Millions of Americans living with debt or other money issues, your financial situation may be negatively impacting your mental health.

Debt can leave you feeling stressed out, anxious, and depressed. However, understanding the link between debt and mental health is an important step toward a happier, debt-free future.


Potential impacts of money and debt stress


There’s a strong link between debt and poor mental health. People with debt are more likely to face common mental health issues, such as prolonged stress, depression, and anxiety.

Debt can affect your physical well-being, too. This is especially true if the stigma of debt is keeping you from asking for help. Increased stress could decrease the quality of your sleep, which can in turn negatively affect your physical health and impair your ability to concentrate throughout the day.

On the flip side, these negative effects can make your financial situation even harder to handle. Individuals struggling with mental health issues are more likely to have trouble managing their finances. For example, they may find themselves overspending to feel the temporary excitement of a new purchase. Or, they may make various types of unwise financial choices due to mental health struggles. Then, once you’re struggling with your mental health, it could become even more difficult to manage your money, so your debt only continues to grow.


Reducing the stigma of being in debt


Many people feel stigmatized by debt, which can sometimes keep them from dealing with the situation head-on. But ignoring your debt won’t make it go away and could even make the problem worse if it leads to late payments or continued overspending.

It’s important to remember that debt is a normal part of financial life for millions of Americans. Although some individuals find themselves in debt due to bad decisions and unwise spending habits, for others, debt is unavoidable. For example, you might take on debt for a large but necessary expense, such as funding your education or buying a home. Or, you might go into debt after an unexpected job loss or a major medical expense.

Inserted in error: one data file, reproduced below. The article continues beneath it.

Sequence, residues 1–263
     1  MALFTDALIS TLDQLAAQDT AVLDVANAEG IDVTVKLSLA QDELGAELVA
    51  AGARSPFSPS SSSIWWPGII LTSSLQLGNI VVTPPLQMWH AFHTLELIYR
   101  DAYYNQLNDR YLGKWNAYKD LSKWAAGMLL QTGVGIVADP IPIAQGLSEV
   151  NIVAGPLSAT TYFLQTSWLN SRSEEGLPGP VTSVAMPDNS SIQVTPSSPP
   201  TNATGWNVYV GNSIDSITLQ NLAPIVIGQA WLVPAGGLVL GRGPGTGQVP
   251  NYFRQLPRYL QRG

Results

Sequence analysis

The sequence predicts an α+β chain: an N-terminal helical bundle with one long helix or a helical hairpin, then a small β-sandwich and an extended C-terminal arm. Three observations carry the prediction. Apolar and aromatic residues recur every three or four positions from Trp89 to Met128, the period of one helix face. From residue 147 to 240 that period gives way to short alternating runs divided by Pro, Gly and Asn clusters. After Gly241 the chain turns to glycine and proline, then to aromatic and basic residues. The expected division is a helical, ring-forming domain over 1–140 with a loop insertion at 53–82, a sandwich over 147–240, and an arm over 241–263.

Regardless of how your debt occurred, it’s never something to be ashamed of. And it’s never too late to take steps to change your situation.


How to find support resources


Debt can be detrimental to your physical and mental health, but you don’t have to struggle alone. If you find yourself in financial hot water, take action and seek help:

  • Take an honest look at the debt you’re carrying. Review each of the debts you owe, including any interest rates or history of late payments. Make a list of how much you owe on each debt and when each minimum payment is due. This will help you structure your repayment process.


  • Review your credit reports. Checking your credit reports can help you better understand your credit history and the status of your accounts. You can get free credit reports annually from the three nationwide consumer reporting agencies at


  • Determine what you can pay off each month and create a budget. Start by listing your monthly income alongside your monthly expenses. Consider creating categories for what you spend each month such as housing, groceries, transportation, and personal expenses. Include another category for the minimum amount that you owe on your debts. Building a comprehensive budget can help you get a clearer picture of how much money you have left over at the end of each month to put toward additional debt payments.


  • Reach out to your creditors about your situation. Consider contacting your creditors to explain your situation. In some cases, they may be willing to work out a modified payment plan that can make it more manageable to pay your bills.


  • Connect with a reputable credit counseling organization. Credit counselors are certified professionals who thoroughly review your financial situation and advise on the best method for paying down your debt. This might include helping you develop a personalized budget or going through a debt management plan.


TIP:: You can start your search with the NFCC (National Foundation for Credit Counseling), the country’s largest accreditor of credit counselors.

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